Though the peoples and cities the Romans conquered likely resented Roman subjugation, they could not deny that their lives were far more peaceful and orderly than they had been before. Roman law was rather fair and balanced for its time, and it was enforced by the armies of a mighty empire.
This became the trade Rome made with the people it conquered. They relinquished control of their government to Rome, and Rome, in exchange, provided them with justice and peace. This was a bargain most people could tolerate, and for 200 years, the Mediterranean fell under the sway of the Pax Romana. From 20 BCE to 180 CE, war within the empire was virtually unknown. In this era of peace, the provinces gradually became Romanized.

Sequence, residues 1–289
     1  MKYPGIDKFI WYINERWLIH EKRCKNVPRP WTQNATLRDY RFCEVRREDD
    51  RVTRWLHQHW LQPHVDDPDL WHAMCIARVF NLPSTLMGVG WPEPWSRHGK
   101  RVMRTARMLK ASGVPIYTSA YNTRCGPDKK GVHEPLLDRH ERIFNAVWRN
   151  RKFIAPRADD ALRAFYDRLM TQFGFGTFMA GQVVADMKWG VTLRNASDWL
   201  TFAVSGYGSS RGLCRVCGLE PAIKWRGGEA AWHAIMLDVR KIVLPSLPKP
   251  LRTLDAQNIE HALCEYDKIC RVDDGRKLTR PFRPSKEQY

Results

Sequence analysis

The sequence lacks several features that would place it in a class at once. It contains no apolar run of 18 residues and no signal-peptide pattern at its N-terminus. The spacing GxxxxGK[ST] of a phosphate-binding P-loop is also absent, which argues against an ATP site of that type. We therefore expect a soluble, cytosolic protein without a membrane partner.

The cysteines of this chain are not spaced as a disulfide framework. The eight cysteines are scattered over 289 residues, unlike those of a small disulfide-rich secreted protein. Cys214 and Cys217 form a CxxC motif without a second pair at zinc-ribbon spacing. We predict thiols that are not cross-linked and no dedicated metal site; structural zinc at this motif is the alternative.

Roman standards of living, including roads, running water and culture, spread across the empire
Protected from invasion by the Roman army and secured in their property and persons by Roman law, the provinces were eager to gain the fruits of Roman civilization, like roads, running water, and culture.